From toppings to crust to sauce, there’s a lot about a pizza that you can change.
And while pizza may regularly get a bad rap as being an unhealthy food, or one that should be reserved only for special occasions and indulgence, when done right, this is definitely not the case.
In fact, it can be a regular part of a healthy lifestyle and indeed even part of your weight loss plans!
Read more to find out how to make some swaps and choose some alternatives to up the health game of this dinner favourite.
From cauliflower crust to gluten free, to mixing in veggies, the days of plain standard pizza crusts are behind us and instead we can focus on the added health benefits of changing it up. If you are looking to increase the vegetable content and decrease carbohydrates when it comes to pizza night, opt to make your crust from cauliflower, sweet potato puree or shredded zucchini. You can also increase the health benefits by using flour alternatives such as almond meal, lupin flakes, teff flour or oat flour.
Traditional store-bought pizza sauce can be high in sodium, and in some cases have added unwanted ingredients such as oil or cheese. You can make traditional sauce yourself using tomato paste, herbs, salt and some water to thin it down, or you can try a different sauce option. Hummus is a great alternative that allows you a protein and fibre boost, while a homemade, oil-free pesto can be a big flavour boost and a nice way to increase your intake of greens!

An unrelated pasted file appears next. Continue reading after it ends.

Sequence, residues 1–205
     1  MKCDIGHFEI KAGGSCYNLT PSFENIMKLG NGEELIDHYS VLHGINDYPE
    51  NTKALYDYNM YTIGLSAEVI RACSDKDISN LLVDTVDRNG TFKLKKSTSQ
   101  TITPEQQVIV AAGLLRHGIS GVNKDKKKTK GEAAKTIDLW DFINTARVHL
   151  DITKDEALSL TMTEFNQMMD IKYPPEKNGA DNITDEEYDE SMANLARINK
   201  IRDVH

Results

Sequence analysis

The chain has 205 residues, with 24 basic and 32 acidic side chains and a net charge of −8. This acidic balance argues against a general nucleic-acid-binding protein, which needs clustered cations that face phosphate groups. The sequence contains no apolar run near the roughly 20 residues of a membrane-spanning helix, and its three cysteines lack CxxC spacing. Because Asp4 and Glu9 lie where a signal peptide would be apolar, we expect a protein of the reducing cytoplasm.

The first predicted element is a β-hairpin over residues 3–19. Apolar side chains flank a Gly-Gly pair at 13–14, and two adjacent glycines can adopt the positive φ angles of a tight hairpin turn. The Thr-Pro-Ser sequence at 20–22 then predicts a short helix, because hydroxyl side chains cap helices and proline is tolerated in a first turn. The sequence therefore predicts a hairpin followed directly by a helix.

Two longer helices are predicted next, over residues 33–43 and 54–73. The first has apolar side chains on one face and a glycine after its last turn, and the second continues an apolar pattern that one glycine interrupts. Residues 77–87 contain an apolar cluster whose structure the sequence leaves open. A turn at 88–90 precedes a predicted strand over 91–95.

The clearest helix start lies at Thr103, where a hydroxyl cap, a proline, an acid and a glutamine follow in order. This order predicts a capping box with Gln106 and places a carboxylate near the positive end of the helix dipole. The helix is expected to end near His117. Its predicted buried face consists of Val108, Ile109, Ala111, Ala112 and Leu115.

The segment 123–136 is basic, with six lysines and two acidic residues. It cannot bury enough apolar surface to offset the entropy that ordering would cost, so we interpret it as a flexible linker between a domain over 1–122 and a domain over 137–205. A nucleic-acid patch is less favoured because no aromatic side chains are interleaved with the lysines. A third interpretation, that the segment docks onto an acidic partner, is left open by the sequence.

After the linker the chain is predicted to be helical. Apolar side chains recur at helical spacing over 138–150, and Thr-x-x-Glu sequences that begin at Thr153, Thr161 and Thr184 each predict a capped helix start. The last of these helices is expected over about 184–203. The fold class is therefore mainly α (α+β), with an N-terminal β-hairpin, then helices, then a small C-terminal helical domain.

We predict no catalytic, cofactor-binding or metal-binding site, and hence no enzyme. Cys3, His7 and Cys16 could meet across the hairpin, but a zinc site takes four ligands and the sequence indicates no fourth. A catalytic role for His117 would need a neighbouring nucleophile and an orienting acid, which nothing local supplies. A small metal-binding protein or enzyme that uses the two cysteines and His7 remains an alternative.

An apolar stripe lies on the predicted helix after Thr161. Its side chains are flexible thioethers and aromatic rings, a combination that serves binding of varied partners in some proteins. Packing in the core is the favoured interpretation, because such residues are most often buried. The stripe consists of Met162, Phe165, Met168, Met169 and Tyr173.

The main star of the show, selecting different toppings is where you can really have an impact on the health value of your pizza. Traditional toppings such as cheese and meat are high in calories and offer minimal nutritional value. Instead, opt for an all veggie pizza, including everything from peppers to eggplant to zucchini to mushrooms. Add fresh tomato or a few olives for a flavour boost, and don’t forget how delicious fresh herbs can be – such as basil or rosemary. If you are keen to avoid cheese, sprinkle with nutritional yeast, or drizzle with balsamic vinegar when it comes out of the oven. Both of these add a lot of flavour and nutritional value, without the added calories and fat.
Finally, don’t underestimate the portion size of your pizza. Indeed most store-bought pizzas designed for one, are quite oversized, giving you a way higher calorie intake than you bargained for or may have realized. If you are going to stick with traditional pizza options, try to cut down on the portion size to stay in line with your weight loss goals. If you are swapping things up and making it all veggies with cauliflower crust however, you have the added bonus of being able to have a little bit of a larger size portion, and not worry about the larger size of fat intake associated with regular pizza.
Don’t assume that getting serious about your weight loss goals mean saying good bye to pizza. Instead, it just means getting serious about how you make your pizza!
By: Laura Peill, RHN, BScH – Viand Nutrition